Review Summary: While Avenged Sevenfold have previously been able to overcome their weaknesses, the strongest moments on Nightmare aren't quite good enough to hide its flaws.
If there's a grey area between solid return to form and stagnant mediocrity, this is more or less where Avenged Sevenfold hits the mark with Nightmare
. Given the terrible rut the band worked themselves into on their self-titled record and the less than stellar "Nightmare" and "Buried Alive", previewed in the weeks leading up to the album's release, Nightmare
's prospects didn't look good. But then again, even Avenged Sevenfold's good albums have unfortunate moments (the bro-downs in Sounding the Seventh Trumpet
's "Thick and Thin", the mundane pace in Waking the Fallen
's "Desecrate Through Reverence", the clumsy songwriting in City of Evil
's "Betrayed"). While they've previously been able to overcome their weaknesses, the strongest moments on Nightmare
aren't quite good enough to hide Avenged Sevenfold's flaws.
isn't an easy album to dive into for two major reasons, both of which hold back several otherwise decent tracks. Avenged Sevenfold have always been at their best when they focus on playing infectious melodic metal (or metalcore), particularly through their utilization of Iron Maiden inspired guitar harmonies. The results are predictably less than adept when they get heavier. It's obvious that they love Pantera and Metallica, but the chunky, down-tuned groove riffs sounded terrible in the '90s, and sound terrible in "Nightmare
", "Welcome to the Family", "Buried Alive", and especially "God Hates Us". It's a problem closely related to Nightmare
's other huge issue: the album is too damn long. Or it feels that way at any rate; Nightmare
's sixty-six minutes run shorter than both Waking the Fallen
and City of Evil
, and though the majority of the record's rockers are only around five minutes long, they do not flow as fluidly as they could. With the exception of "God Hates Us" and "Buried Alive", guitarists Synyster Gates and Zacky Vengeance do transition back into their melodic tendencies in choruses, instrumental breaks, and the like, making for a much more engaging listen. Granted, so long as you can make it through the poor attempts at groove influenced metal, that is.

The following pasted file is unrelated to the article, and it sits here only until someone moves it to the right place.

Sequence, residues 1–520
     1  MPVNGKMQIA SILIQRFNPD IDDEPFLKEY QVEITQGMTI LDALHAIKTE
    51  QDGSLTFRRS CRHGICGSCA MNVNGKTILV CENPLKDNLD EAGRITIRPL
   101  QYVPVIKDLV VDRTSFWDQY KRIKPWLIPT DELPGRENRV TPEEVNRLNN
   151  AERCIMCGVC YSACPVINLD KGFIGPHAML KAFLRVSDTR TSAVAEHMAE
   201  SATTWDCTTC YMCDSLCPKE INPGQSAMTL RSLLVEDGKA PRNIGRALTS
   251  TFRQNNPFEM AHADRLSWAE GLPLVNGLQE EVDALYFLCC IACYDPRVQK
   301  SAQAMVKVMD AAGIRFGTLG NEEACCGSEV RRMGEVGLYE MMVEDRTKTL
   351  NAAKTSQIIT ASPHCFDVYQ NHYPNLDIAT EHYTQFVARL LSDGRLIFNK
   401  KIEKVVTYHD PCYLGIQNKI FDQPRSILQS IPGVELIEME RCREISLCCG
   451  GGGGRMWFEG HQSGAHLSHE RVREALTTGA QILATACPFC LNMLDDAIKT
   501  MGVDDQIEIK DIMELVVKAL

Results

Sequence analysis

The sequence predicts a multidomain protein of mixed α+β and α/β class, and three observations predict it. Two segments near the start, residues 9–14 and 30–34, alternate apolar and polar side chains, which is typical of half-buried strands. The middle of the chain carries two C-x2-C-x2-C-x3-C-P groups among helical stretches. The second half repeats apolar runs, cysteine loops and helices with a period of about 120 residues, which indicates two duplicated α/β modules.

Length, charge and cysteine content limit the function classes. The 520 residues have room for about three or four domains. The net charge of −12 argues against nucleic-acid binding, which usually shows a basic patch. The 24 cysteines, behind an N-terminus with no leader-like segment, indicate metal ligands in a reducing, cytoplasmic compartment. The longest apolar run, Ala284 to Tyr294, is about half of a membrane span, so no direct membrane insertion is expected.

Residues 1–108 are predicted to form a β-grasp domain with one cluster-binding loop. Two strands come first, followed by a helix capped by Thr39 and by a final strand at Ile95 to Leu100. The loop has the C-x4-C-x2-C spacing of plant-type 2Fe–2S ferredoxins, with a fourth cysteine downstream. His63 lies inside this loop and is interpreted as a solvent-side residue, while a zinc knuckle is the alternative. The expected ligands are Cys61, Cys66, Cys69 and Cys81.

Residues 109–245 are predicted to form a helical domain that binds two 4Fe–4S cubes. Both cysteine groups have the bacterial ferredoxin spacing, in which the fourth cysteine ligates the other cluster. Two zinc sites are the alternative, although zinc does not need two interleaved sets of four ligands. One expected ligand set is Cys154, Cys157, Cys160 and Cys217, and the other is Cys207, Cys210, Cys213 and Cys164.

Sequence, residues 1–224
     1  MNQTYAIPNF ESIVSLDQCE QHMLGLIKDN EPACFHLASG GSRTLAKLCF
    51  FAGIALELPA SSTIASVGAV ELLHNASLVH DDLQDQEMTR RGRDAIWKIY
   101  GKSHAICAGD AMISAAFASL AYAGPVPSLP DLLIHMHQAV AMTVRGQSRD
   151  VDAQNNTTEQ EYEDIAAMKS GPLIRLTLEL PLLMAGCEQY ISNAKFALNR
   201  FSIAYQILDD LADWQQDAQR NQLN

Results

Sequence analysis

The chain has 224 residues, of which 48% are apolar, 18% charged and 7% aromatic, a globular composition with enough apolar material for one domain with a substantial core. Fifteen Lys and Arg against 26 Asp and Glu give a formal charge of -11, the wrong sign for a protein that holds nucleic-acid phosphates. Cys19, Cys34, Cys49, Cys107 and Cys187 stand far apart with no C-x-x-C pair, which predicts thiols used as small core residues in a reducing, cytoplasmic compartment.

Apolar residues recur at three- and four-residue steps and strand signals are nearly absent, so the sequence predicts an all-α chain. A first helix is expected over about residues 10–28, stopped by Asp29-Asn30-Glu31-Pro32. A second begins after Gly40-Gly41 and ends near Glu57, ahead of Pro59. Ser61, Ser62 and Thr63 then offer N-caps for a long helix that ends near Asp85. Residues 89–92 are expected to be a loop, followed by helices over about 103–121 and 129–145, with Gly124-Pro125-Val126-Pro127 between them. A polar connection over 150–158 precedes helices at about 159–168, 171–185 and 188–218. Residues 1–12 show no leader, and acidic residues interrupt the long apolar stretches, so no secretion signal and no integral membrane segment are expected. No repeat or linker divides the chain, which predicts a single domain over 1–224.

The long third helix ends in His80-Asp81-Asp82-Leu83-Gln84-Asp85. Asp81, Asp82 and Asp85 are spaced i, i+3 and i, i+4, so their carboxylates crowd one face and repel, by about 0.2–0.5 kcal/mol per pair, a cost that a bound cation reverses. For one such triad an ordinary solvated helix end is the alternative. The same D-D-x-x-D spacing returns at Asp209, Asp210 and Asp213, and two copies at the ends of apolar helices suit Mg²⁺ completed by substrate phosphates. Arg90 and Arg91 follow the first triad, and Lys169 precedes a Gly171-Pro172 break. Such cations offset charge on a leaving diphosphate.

"God Hates Us" aside, the second half of Nightmare
is where things get really interesting. Eschewing the sometimes noteworthy, sometimes half-baked metal sound established earlier, Avenged Sevenfold embrace both acoustic pieces and ballads alike. While the band's slower songs are usually hit or miss, ranging from great ("I Won't See You Tonight, Pt 1"), to the mediocre ("Warmness On the Soul"), to flat out awful ("Dear God"), they're excellent this time around. For an album plagued by macho metal posturing, it comes at a key moment. The Alice in Chains influenced "Tonight the World Dies" is especially notable, building its foundation on its heat-choked atmosphere rather than instrumental prowess. Between the piano heavy "Fiction", dark power-ballad "Victim", and stripped down "So Far Away", it's a much needed breath of fresh air.
Perhaps the chief reason for Avenged Sevenfold's mini-resurgence is that they're actually inspired again. The most offensive aspect of their self-titled album was that it sounded like they weren't even trying, which was reflected in the record's atrocious output. Nightmare
is a completely different offering; even though it still has highly questionable moments, it's obvious that a genuine effort was put in, and that's enough reason to listen. In a way, Nightmare
is Avenged Sevenfold's most important record. It's as much closure for the group's surviving members as it is a dedication to The Rev after the drummer's untimely death. In this regard, it's a very respectable record. But at the same time, it just isn't as good as Waking the Fallen
, City of Evil
, or even Sounding the Seventh Trumpet
, and whether it'll maintain the listening power that made those albums so good remains to be seen.